While disorder consumed the bulk of the fleet, Kommodore Andreas Michelsen organized a group to attack any British attempt to take advantage of the fleet's disarray. He pieced together a group of around sixty ships, including Königsberg and several other light cruisers. On 9 November, reports of British activity in the German Bight prompted Königsberg and several destroyers to make a sweep. After the reports proved false, the flotilla returned to Borkum, where they learned of the Kaiser's abdication.[20] Following the Armistice that ended the fighting, Königsberg took Rear Admiral Hugo Meurer to Scapa Flow to negotiate with Admiral David Beatty, the commander of the Grand Fleet, for the place of internment of the German fleet.[21] The ship arrived in Scapa Flow on 15 November, flying a white flag.[22] The accepted arrangement was for the High Seas Fleet to meet the combined Allied fleet in the North Sea and proceed to the Firth of Forth before transferring to Scapa Flow, where they would be interned.[21] Most of the High Seas Fleet's ships, including Königsberg's sister ships Karlsruhe, Emden, and Nürnberg, were interned in the British naval base in Scapa Flow, under the command of Reuter.[23] Königsberg instead remained in Germany,[1] returning Meurer from the negotiations with Beatty by the time the fleet left for internment.[24]

Service with the French Navy[edit]

Königsberg was stricken from the naval register on 31 May 1920 and ceded to France as "A". The ship was taken to Cherbourg on 20 July, and was renamed Metz on 6 October for service with the French fleet.[1][25] From 1922 to 1927, she served with the French Mediterranean Fleet, and in October 1922 she carried Henry Franklin-Bouillon to Turkey to take part in the negotiations that led to the Treaty of Lausanne, which finally ended World War I for Turkey, which had spawned the Turkish War of Independence of 1919–1922.[26] In the mid-1920s, she participated in the Rif War. On 7 September 1925, she and the battleship Paris and another ex-German cruiser, Strasbourg, supported a landing of French troops in North Africa. The three ships provided heavy gunfire support to the landing troops.[27] In 1927, Metz was transferred to the French Atlantic Fleet, though she served here only through 1928.[25] In 1929, the ship was decommissioned and placed in reserve.[28] She was stricken from the naval register on 18 August 1933 and broken up for scrap in 1936 at Brest.[1]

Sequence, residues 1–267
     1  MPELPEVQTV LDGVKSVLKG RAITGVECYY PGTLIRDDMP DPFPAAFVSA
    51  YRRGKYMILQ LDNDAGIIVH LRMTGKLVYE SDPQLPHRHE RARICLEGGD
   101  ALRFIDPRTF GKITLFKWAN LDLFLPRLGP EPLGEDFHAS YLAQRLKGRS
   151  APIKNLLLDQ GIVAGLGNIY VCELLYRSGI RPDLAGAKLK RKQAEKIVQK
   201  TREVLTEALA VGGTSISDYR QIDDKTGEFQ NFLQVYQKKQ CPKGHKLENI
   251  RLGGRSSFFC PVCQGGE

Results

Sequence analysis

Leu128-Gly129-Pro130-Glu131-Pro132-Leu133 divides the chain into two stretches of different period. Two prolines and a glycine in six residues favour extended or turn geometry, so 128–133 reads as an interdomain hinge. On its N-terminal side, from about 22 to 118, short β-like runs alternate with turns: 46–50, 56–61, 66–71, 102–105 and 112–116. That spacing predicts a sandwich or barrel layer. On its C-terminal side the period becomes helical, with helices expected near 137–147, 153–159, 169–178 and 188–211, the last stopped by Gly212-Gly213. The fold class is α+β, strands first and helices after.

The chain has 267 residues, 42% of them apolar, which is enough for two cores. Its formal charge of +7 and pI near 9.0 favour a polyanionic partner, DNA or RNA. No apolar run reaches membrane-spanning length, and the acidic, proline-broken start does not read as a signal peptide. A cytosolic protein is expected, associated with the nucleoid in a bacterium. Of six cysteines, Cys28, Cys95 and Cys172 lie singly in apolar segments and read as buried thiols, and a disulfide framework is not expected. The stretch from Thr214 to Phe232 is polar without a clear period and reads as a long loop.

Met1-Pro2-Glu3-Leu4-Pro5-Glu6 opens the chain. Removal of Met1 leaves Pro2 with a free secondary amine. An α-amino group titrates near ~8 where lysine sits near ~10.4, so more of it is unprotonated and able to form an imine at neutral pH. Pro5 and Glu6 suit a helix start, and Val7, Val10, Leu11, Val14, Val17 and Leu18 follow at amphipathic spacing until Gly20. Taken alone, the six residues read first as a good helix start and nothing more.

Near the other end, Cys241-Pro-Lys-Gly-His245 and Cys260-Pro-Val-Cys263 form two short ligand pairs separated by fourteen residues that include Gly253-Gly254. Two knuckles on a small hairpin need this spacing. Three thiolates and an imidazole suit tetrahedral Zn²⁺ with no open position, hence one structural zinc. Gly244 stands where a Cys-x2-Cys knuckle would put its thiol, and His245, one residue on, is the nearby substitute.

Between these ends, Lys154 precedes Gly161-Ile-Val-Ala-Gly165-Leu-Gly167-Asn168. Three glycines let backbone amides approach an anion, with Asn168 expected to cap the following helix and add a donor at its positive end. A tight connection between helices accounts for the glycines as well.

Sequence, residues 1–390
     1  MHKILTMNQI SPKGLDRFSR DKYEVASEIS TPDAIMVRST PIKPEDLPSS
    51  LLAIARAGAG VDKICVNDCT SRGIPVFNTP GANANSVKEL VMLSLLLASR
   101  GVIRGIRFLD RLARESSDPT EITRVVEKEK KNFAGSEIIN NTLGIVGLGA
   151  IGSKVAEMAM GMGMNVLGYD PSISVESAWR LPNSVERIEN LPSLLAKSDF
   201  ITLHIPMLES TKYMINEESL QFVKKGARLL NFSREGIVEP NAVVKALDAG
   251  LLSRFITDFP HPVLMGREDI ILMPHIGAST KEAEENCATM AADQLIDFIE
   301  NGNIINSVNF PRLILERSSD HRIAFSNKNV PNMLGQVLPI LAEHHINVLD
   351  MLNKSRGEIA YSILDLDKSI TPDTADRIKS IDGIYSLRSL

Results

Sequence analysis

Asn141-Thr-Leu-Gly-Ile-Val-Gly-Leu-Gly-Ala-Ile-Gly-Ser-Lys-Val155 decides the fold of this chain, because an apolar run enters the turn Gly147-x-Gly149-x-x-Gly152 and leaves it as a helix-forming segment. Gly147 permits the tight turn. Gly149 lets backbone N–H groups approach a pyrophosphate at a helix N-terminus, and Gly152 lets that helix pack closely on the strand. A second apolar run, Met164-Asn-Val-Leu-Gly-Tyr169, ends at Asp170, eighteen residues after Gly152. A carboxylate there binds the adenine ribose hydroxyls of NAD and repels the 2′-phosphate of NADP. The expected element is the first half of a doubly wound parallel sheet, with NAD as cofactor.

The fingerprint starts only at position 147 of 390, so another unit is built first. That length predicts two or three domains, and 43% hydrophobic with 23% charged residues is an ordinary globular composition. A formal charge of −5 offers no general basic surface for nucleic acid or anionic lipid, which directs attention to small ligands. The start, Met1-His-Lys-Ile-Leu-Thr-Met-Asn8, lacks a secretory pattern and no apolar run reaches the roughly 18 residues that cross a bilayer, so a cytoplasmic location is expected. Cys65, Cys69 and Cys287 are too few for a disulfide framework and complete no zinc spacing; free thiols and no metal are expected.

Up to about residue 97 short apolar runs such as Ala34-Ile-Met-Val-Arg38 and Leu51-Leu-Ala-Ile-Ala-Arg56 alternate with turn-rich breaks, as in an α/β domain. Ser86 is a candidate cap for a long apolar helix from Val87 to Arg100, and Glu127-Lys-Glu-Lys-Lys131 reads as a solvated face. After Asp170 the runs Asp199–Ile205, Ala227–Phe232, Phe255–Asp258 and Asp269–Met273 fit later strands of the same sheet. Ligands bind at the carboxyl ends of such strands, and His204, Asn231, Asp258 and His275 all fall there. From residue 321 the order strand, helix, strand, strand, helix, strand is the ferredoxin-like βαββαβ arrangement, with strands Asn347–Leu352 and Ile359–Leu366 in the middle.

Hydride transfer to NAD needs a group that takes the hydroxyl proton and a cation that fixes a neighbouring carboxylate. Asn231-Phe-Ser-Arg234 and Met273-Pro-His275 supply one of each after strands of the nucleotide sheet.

Notes[edit]

  1. ^ a b c d e f Gröner, p. 113.
  2. ^ Gardiner & Gray, p. 162.
  3. ^ Hildebrand, Röhr & Steinmetz, pp. 145–146.
  4. ^ a b c Hildebrand, Röhr & Steinmetz, p. 146.
  5. ^ Halpern, p. 213.
  6. ^ Halpern, p. 215.
  7. ^ Barrett, pp. 127–128.
  8. ^ Barrett, p. 218.
  9. ^ Staff, p. 140.
  10. ^ Halpern, p. 219.
  11. ^ Hildebrand, Röhr & Steinmetz, pp. 146–147.
  12. ^ Halpern, p. 377.
  13. ^ Bennett, p. 251.
  14. ^ a b c Hildebrand, Röhr & Steinmetz, p. 147.
  15. ^ Halpern, pp. 418–419.
  16. ^ Hildebrand, Röhr & Steinmetz, pp. 147–148.
  17. ^ Woodward, p. 116.
  18. ^ Tarrant, pp. 280–282.
  19. ^ Herwig, p. 252.
  20. ^ Woodward, p. 168.
  21. ^ a b Halpern, p. 448.
  22. ^ Woodward, p. 176.
  23. ^ Tarrant, p. 282.
  24. ^ Woodward, pp. 177–178.
  25. ^ a b Hildebrand, Röhr & Steinmetz, p. 148.
  26. ^ The Commercial & Financial Chronicle, p. 1461.
  27. ^ Álvarez, p. 185.
  28. ^ Jordan & Moulin, p. 167.

References[edit]

  • Álvarez, José E. (2001). The Betrothed of Death: The Spanish Foreign Legion During the Rif Rebellion, 1920–1927. Westport: Greenwood Press. ISBN 0-313-30697-4.
  • Barrett, Michael B. (2008). Operation Albion. Bloomington: Indiana University Press. ISBN 978-0-253-34969-9.
  • Bennett, Geoffrey (2005). Naval Battles of the First World War. London: Pen & Sword Military Classics. ISBN 1-84415-300-2.
  • Gardiner, Robert & Gray, Randal, eds. (1984). Conway's All the World's Fighting Ships: 1906–1922. Annapolis: Naval Institute Press. ISBN 0-87021-907-3.
  • Gröner, Erich (1990). German Warships: 1815–1945. Annapolis: Naval Institute Press. ISBN 978-0-87021-790-6.
  • Halpern, Paul G. (1995). A Naval History of World War I. Annapolis: Naval Institute Press. ISBN 1-55750-352-4.
  • Herwig, Holger (1998) [1980]. "Luxury" Fleet: The Imperial German Navy 1888–1918. Amherst: Humanity Books. ISBN 978-1-57392-286-9.
  • Hildebrand, Hans H.; Röhr, Albert & Steinmetz, Hans-Otto (1993). Die Deutschen Kriegsschiffe (Band 5) [The German Warships (Volume 5)] (in German). Ratingen: Mundus Verlag. ASIN B003VHSRKE.
  • Jordan, John & Moulin, Jean (2013). French Cruisers: 1922–1956. Barnsley: Seaforth Publishing. ISBN 9781848321335.
  • Staff, Gary (2008). Battle for the Baltic Islands. Barnsley, South Yorkshire: Pen & Sword Maritime. ISBN 978-1-84415-787-7.
  • Tarrant, V. E. (1995). Jutland: The German Perspective. London: Cassell Military Paperbacks. ISBN 0-304-35848-7.
  • The Commercial & Financial Chronicle. Vol. 115 no. 2988. New York: William B. Dana Company. 30 September 1922. ISSN 0163-2876. Missing or empty |title= (help)
  • Woodward, David (1973). The Collapse of Power: Mutiny in the High Seas Fleet. London: Arthur Barker Ltd. ISBN 0-213-16431-0.